News | July 28, 2021

Memphis City Council must pass commonsense protections for the city’s drinking water source

Keeping pollution out of the Memphis Sand Aquifer is paramount

Southwest Memphis recently celebrated a major victory when oil pipeline companies cancelled the Byhalia Pipeline. The reckless project would have plowed through Black communities and threatened the Memphis Sand Aquifer, which provides drinking water to hundreds of thousands of Memphians. Even though the crude oil pipeline was scrapped, the Memphis Sand Aquifer remains under-protected from dangerous industrial projects that can pollute it with hazardous chemicals.

The Memphis City Council must take action and pass Ordinance 5794 to ensure the safety of the city’s water today and for generations to come.

Click here to tell Memphis City Council members

to pass these commonsense protections

  • Ordinance 5794 creates an Underground Infrastructure Review Board that has the power to stop dangerous projects that could lead to contamination of the Memphis Sand Aquifer.
  • These safeguards are long overdue and close a regulatory gap that leaves Memphians’ sole source of drinking water under-protected.
  • No federal or state agency has been willing to step up and take responsibility for investigating the potential damage reckless industrial projects could have on the aquifer.
  • Creating a local government body dedicated to regulating development that could pollute the Memphis Sand Aquifer is the best way to ensure the safety of Memphians’ water.
  • Ordinance 5794 also ensures that our local leaders take environmental justice concerns into account when reviewing these projects.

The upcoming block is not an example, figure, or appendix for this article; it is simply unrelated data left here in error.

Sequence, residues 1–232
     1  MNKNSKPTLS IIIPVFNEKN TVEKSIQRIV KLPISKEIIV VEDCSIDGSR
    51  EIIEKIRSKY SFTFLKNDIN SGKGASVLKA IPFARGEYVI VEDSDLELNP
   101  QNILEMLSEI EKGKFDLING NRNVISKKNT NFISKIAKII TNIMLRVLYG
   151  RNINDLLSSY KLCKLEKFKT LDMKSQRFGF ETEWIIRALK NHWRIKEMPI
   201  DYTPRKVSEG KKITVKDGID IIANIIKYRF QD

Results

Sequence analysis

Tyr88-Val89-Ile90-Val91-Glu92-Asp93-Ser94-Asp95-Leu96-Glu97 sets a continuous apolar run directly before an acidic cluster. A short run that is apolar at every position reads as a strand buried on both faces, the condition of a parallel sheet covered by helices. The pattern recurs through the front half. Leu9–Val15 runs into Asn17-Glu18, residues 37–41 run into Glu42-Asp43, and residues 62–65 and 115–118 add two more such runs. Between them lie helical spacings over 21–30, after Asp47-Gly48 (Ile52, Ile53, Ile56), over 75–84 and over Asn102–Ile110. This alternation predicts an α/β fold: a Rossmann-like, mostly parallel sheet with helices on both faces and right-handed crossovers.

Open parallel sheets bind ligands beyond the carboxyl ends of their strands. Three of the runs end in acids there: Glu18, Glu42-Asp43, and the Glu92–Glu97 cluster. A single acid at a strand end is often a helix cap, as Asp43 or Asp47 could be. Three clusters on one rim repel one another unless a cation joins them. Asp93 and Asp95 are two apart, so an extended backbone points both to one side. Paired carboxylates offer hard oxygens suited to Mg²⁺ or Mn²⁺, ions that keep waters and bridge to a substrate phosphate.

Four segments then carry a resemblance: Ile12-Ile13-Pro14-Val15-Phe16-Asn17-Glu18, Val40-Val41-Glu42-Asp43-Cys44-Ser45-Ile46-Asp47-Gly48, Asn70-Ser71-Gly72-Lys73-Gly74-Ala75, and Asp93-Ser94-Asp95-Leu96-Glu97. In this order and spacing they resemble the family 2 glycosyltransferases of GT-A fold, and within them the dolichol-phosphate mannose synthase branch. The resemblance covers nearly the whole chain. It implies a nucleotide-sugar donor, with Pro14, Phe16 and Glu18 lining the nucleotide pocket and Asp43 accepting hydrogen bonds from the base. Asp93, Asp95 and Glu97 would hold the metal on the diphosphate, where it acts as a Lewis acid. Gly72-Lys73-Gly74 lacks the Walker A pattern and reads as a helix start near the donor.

Ordinance 5794 is a critical next step in making sure future pipeline projects cannot threaten Memphians’ health and contaminate their drinking water. While other proposed zoning measures add some safeguards against dangerous pipeline projects, Ordinance 5794 provides the most comprehensive protection for the Memphis Sand Aquifer, Memphis communities overburdened by pollution, and the city’s drinking water. The Memphis City Council must pass this crucial ordinance.

Byhalia Pipeline Background

Southwest Memphis communities are predominantly Black and have a long history of being overburdened with industrial pollution. Map by Libbie Weimer

The need for these protections was highlighted by the now-cancelled Byhalia Pipeline, which would have moved crude oil from Memphis to northern Mississippi and would have been installed above the Memphis Sand Aquifer. Memphians proudly call the thousands-year-old underground aquifer water the “sweetest water in the world,” but even a small amount of crude oil leaked from the pipeline could have put millions of gallons of aquifer water – and the Memphians who rely on it – at risk.

The pipeline route also targeted southwest Memphis communities, which are predominantly Black and have a long history of being overburdened with industrial pollution. A representative from the project called the route the “point of least resistance.”

SELC and our partner organizations, Memphis Community Against Pollution, Protect Our Aquifer, and the Sierra Club, challenged the pipeline’s permits, fought the project in court, and forced the pipeline companies to pull the plug on the high-risk project.